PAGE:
Every now and then one stumbles across a story which illustrates deeply held convictions so well that you just have to share. Here is one of those and it is a sad tale of incompetence, risk aversion and just plain clown like silliness. It is amusing (I guess) but it is also so typical of why we are making little progress in our battle to bring security and infrastructure development to Afghanistan.
The story is written by Ian Pannell of the BBC and describes his visit with Americans from the Embassy in Kabul who flew into Mazar-e-Sharif to drive out to a school opening. It is a all to familiar tale, the American palm the Brits off on their local hosts and move out in Armored Suburbans with a full security detail. One of the trucks breaks down and they all turn around, go back to the airport and fly back to Kabul. The Brits arrive and, as the only internationals present, stand in for the Americans. After being guests of honor at the banquet the Provincial government organized for the occasion, ( and scoring a chapan which is super cool) they are given a car and driver by the governor to get them back to Kabul.
I have pointed out time and time again that there is no need for armored vehicles in the north – or in most of Afghanistan. It is safer for all concerned to be in unarmored vehicles with lots of dispersion and preferable locals mixed in among your vehicles. But that is not what bothers me about this article it is the cavalier way something that was obviously important (or why even fly up from Kabul) was dismissed.
We have not been dumping the money, resources or attention in the north like we have in the south. The south is populated with Pashtun people, the north (with the exception of Kunduz City) has no significant Pashtun population – they are Uzbeks, Hazara and Tajik’s. They have for the most part cooperated in the disarmament programs, stopped growing poppy, and cooperated with the central government. And we treat them like a bunch of irrelevant rubes. The Governor of Balk province and several other important Afghan’s lost a lot of face because the “professionals” from our embassy found it impossible to drive for 2 hours over rough roads or spend the night in the wilds of Mazar-e-Sharif. Mission has priority my ass.
I have commented in previous posts and several times on Covert Radio the people up north are not amused by how they are being treated. Their old enemies the Pashtun are getting rich on the drug trade and are getting more and more guns and more heavy weapons. The people up north are getting a few crappy schools, ignored or insulted by the American Embassy, preyed upon by a few warlords and more than a few criminal gangs and guess what? I think their patience is nearing the end.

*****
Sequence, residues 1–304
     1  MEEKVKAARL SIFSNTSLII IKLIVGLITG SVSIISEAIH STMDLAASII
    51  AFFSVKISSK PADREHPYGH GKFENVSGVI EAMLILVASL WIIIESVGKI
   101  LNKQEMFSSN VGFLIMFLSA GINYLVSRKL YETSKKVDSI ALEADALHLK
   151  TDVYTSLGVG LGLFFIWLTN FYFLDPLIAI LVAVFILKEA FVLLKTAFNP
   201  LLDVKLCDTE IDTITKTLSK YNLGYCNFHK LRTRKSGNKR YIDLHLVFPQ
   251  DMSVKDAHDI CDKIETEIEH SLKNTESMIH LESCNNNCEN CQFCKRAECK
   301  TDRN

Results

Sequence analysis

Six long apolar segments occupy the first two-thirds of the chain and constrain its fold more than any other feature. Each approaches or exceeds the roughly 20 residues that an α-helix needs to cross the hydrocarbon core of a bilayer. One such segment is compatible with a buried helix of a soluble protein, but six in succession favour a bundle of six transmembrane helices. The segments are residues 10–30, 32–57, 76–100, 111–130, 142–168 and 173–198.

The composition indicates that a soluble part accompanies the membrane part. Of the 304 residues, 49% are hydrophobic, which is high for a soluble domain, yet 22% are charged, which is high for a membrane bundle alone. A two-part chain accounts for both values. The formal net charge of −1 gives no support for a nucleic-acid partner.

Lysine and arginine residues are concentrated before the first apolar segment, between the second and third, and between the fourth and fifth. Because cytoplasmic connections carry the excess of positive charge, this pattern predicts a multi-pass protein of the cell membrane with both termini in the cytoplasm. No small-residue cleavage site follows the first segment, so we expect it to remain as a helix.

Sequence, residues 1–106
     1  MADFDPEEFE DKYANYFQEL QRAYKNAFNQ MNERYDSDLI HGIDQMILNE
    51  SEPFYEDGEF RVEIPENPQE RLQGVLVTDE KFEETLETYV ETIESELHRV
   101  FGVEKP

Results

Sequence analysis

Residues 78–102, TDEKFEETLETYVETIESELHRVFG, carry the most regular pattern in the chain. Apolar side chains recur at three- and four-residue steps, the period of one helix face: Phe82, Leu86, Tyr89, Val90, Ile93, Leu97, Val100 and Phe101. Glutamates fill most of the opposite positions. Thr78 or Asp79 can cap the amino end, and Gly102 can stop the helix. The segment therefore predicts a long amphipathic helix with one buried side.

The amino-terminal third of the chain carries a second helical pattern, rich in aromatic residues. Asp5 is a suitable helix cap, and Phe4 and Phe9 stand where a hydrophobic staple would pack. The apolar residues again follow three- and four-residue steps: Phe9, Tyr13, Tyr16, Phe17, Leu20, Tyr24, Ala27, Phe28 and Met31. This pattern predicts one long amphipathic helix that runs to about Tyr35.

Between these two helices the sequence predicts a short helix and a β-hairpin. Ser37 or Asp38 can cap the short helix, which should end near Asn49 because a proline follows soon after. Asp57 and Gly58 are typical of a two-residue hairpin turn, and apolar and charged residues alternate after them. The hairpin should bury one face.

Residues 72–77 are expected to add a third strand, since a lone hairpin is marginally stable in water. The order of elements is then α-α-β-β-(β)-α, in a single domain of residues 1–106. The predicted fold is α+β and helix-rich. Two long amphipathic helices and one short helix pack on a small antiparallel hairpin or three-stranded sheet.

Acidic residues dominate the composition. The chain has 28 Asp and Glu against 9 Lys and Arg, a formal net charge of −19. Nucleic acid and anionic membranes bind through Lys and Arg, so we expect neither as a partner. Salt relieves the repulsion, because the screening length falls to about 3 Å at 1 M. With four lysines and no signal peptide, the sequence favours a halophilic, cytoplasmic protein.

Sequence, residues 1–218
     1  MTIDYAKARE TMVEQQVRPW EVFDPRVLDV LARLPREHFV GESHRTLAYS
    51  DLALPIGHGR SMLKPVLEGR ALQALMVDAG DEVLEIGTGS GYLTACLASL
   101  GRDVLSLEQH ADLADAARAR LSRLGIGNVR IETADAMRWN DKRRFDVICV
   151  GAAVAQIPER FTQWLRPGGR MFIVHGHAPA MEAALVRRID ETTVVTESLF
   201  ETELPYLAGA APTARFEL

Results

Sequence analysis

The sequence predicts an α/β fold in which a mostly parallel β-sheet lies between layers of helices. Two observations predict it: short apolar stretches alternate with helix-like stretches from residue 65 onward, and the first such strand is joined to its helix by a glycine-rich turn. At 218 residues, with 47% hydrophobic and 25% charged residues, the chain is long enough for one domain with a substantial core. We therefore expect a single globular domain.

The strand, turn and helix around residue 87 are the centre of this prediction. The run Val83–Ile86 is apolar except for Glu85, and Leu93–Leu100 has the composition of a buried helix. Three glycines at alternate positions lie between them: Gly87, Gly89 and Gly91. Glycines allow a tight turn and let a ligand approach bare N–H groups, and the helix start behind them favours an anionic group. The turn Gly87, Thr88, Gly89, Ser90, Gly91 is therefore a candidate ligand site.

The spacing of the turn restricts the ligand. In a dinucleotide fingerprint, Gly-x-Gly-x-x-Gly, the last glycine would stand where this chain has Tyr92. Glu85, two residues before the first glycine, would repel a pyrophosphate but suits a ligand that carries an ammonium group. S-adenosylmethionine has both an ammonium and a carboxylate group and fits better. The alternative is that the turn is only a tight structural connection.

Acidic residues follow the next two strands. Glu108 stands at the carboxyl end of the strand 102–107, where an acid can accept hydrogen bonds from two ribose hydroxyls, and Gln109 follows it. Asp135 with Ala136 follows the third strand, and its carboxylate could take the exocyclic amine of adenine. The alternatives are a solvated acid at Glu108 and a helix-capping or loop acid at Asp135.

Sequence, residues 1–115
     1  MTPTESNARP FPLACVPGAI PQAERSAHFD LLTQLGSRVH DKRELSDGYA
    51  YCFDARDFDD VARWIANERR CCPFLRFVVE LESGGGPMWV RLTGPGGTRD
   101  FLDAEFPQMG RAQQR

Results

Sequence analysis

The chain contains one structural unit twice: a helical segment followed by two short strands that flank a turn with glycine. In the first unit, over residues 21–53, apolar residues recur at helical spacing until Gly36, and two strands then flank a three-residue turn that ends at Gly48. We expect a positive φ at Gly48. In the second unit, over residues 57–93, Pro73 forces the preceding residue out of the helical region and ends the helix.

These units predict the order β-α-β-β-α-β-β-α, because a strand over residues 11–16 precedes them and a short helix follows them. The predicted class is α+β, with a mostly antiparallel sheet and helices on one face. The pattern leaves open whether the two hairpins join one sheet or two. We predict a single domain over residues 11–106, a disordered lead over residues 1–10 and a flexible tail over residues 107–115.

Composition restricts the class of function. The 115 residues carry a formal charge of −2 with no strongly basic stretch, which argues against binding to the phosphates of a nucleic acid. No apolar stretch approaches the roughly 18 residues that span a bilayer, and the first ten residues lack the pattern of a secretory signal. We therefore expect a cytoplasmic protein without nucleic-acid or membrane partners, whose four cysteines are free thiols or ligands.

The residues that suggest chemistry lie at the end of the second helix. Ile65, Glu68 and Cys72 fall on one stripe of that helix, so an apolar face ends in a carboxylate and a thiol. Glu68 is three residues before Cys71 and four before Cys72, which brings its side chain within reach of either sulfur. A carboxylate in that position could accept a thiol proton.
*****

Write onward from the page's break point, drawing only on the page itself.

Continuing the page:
One reason I believe that is the scarcity firearms available on the market. There are international security companies buying and using the old Soviet PSSh 41 submachineguns for jobs in the south. Ammunition of all calibers has doubled or tripled in price. The weapons market has always been run by northern peoples. But now they are not selling and that cannot possibly be good news.
It is time to get serious about what we are doing here – define an acceptable endstate, work towards that endstate and get the hell out. One of the sad facts of life is that we really have not figured out why we are here. Conventional wisdom says that if we leave the Taliban will return and with them Al Qaeda and they’ll use Afghanistan as a launching pad for further attacks on the west. That is complete BS. The Taliban will not come back in power here – not in a million years. Even if they did they would not be stupid enough to provide shelter or assistance to Al Qaeda. We have reduced Osama and his surviving leaders into walking dead men who freak anytime someone gets near them with a cell phone or a plane flies overhead. They could no more pull off another 9/11 than I could pull a diamond out of a goats ass.
What can be done in Afghanistan? We can bring security – build some infrastructure, and (most importantly) develop the human capitol as best we can. This is being done – the best example being the Afghan Special Forces who enjoy universal respect and appreciation from the local people. SF teams have a model and that model involves living, working, and mentoring their local charges 24/7. If we are going to continue to dump millions into Afghanistan than every program should duplicate that model – there should be an American or Americans at the program level working with the Afghans to ensure whatever they are supposed to do (construction, security, law enforcement etc..) they actually do. And once we finally do what we signed on to do – the roads, the bridges, the dams – once they are done it is time for us to go. Inshallah we will realize this and act accordingly but for now…it will soon be time to worry about the north.